Barbadian women are looking for good men to start families, but their search is often unsuccessful because many Bajan men are coming up short, says Anglican priest and psychologist Reverend Dr Marcus Lashley.
Speaking last night as a panelist in an Anglican Men’s Association discussion, he said many women were struggling to find life partners because they were encountering men who are mummy’s boys, have psychological problems, or simply prefer other men, among other issues.
“They are saying this to me openly,” he told an audience of about 15 men and two women in the Barbados Workers Union’s Sir Hugh Springer Auditorium.
Lashley said women complain “either the man . . . is mentally unstable, violent at times, unable to express his emotions appropriately without hitting, they are homosexual, they are struggling with their capacity to manage money, and some other domestic affairs.
“And a lot of the men that [the women] are meeting . . . are so tied to their mothers that they know they will lose the battle, in terms of having a strong man lead their home,” he added.
The complaint about mothers controlling their sons was of particular concern to the counsellor.
“Mothers sometimes find it hard to let go of their male children, and allow them to develop into true men,” he said. “What I am seeing is still a lot of our mothers not being able to truly let go of the male child.”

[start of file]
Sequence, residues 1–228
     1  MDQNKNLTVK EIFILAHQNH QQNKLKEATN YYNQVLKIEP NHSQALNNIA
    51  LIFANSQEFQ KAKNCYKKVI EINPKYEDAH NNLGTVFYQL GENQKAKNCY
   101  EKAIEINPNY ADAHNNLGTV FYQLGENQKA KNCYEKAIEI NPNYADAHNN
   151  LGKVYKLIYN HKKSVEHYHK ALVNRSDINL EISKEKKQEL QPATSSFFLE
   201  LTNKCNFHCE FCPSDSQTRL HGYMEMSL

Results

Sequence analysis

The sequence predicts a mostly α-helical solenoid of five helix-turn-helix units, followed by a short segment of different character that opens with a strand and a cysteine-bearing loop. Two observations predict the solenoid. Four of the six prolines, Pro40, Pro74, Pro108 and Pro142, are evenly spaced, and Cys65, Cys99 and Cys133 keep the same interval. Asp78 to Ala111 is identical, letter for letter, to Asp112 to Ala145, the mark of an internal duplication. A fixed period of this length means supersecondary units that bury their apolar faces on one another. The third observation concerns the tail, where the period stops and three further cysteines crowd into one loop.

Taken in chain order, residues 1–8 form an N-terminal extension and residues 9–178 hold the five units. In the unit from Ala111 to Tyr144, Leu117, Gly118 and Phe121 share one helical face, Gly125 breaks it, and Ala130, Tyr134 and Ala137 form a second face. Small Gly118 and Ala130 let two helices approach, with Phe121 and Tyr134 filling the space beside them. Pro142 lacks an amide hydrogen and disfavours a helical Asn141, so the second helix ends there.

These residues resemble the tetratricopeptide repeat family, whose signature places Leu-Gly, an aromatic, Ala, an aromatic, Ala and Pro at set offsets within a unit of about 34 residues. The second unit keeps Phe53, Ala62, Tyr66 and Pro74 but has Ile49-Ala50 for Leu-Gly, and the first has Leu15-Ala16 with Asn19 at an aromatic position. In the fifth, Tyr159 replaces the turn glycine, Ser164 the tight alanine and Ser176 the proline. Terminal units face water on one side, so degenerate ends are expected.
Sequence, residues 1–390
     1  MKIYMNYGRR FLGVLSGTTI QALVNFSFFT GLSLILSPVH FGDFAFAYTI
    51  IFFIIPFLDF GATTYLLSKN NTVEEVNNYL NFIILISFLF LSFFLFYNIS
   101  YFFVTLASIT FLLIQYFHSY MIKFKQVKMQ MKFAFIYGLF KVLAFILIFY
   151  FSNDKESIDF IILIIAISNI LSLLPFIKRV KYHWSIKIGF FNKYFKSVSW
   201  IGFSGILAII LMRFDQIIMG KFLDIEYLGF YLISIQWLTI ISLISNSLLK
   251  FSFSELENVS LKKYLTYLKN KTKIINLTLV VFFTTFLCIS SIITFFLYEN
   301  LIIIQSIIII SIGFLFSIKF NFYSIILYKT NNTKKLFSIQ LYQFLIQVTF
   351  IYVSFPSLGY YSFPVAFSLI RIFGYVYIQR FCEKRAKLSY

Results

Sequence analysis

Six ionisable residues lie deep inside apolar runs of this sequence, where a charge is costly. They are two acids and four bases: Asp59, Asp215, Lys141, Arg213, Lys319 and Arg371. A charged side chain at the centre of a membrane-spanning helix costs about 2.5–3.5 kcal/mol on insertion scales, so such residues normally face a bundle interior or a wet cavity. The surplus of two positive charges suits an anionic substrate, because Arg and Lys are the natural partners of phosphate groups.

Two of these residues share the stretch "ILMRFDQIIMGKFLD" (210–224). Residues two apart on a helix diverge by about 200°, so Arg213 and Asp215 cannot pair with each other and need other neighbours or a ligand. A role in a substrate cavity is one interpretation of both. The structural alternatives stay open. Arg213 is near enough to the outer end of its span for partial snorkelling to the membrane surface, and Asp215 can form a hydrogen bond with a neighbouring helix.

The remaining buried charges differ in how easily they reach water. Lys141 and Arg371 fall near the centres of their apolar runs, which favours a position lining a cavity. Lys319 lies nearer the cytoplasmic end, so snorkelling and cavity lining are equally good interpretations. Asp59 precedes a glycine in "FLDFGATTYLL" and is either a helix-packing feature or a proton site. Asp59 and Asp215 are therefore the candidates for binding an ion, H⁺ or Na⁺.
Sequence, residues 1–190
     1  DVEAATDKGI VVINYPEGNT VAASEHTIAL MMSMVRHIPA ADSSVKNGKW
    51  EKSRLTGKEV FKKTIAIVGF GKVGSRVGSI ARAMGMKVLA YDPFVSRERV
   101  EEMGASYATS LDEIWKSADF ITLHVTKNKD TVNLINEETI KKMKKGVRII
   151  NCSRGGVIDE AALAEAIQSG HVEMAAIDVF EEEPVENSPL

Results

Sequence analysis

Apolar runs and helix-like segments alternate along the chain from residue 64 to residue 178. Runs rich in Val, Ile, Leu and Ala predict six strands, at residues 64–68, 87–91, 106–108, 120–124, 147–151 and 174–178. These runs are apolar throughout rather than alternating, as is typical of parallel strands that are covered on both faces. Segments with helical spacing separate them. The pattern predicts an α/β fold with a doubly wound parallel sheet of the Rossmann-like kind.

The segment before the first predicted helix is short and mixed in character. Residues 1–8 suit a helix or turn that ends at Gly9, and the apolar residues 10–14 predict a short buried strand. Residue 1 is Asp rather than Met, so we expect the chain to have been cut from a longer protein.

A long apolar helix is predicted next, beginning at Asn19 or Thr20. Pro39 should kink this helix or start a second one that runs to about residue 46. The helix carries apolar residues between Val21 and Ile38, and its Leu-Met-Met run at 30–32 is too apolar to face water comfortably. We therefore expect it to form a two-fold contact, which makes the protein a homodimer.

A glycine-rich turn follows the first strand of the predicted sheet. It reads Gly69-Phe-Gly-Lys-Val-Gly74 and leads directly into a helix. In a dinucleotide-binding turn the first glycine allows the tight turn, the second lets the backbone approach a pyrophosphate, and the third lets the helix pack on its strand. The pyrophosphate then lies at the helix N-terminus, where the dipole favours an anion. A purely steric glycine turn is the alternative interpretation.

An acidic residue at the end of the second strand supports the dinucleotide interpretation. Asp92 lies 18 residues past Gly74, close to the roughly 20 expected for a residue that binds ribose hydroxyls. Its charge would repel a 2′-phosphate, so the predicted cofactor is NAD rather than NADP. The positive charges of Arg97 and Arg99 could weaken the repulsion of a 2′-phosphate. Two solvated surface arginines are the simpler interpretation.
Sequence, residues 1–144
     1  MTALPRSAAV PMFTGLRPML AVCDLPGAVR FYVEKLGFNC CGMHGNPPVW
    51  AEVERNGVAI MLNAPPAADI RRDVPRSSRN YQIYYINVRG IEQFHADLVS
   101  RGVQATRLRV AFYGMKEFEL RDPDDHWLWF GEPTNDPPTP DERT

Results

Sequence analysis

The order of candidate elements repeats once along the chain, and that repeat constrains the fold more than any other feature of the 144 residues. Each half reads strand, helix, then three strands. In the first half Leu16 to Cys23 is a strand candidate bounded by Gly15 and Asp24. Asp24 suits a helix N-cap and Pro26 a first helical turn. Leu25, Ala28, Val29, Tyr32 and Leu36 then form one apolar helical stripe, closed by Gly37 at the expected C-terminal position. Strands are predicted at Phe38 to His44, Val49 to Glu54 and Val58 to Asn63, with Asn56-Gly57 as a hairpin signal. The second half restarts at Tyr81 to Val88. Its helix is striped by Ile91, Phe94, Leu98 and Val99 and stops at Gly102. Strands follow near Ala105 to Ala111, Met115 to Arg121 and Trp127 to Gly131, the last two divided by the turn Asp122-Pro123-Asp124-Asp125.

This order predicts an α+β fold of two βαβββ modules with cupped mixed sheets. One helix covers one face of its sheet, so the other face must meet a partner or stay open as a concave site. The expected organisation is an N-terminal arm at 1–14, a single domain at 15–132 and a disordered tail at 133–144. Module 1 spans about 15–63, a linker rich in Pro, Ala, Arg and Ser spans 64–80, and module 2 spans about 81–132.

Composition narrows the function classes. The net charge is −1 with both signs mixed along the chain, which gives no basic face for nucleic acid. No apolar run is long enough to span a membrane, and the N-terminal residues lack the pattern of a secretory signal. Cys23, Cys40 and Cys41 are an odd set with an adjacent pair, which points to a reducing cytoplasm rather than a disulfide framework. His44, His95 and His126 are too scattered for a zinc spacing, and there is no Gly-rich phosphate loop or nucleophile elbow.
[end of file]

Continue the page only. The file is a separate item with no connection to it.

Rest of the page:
Lashley said the absence of a male figure in the household compounded the situation.
“We have many of our men incarcerated, and away from home, and then too many who are home are possibly physically present but emotionally absent, [and not] helping young boys moving from childhood. We’ve lost the rites of passage, and if we can regain the capacity to help people move from one developmental stage to another, we’d end up with a much healthier male in adulthood,” he asserted.
Another panelist and fellow priest, Reverend Graveney Bannister, who is also a magistrate, also took issue with the way boys were being raised.
“There is a problem we see in today’s society where mothers are molly cuddling boys instead of bringing them up the right way, exposing them, letting them be boys. Then, when they get into trouble you hear ‘it is not my son’, or ‘a bad boy is better than no boy at all’,” he lamented.
“Quite often, mothers are to be blamed for their role in leading boys astray. . . . In some instances, some mothers – not all –, where fathers are absent, tend to prevent fathers from seeing their children.”
Bannister said when parents are separated, and/or a mother is in a new relationship, there is a tendency for mothers to prevent their sons from seeing and spending time with their fathers.
“There are some mothers out there in society who are professional mothers, who just want to have the children and don’t want to have the man around, period,” he charged.
“So we’re raising a set of boys who are not getting that mentorship and that support from the males. There is a need for a few more good men to influence a lot of our youngsters in this society.”
Bannister hastened to add, however, that he was not saying or suggesting that “females cannot bring up boys”.
Focusing more on what he saw as solutions, youth activist and radio talk show host Corey Lane said society must start to “think, plan, and implement where parents, and fathers particularly, feel the consequence for not being good fathers”.
“Understand that parenting is a very private activity with a very public outcome,” he said, adding that while there were many good parents there were also some who were “training up criminals in this country”.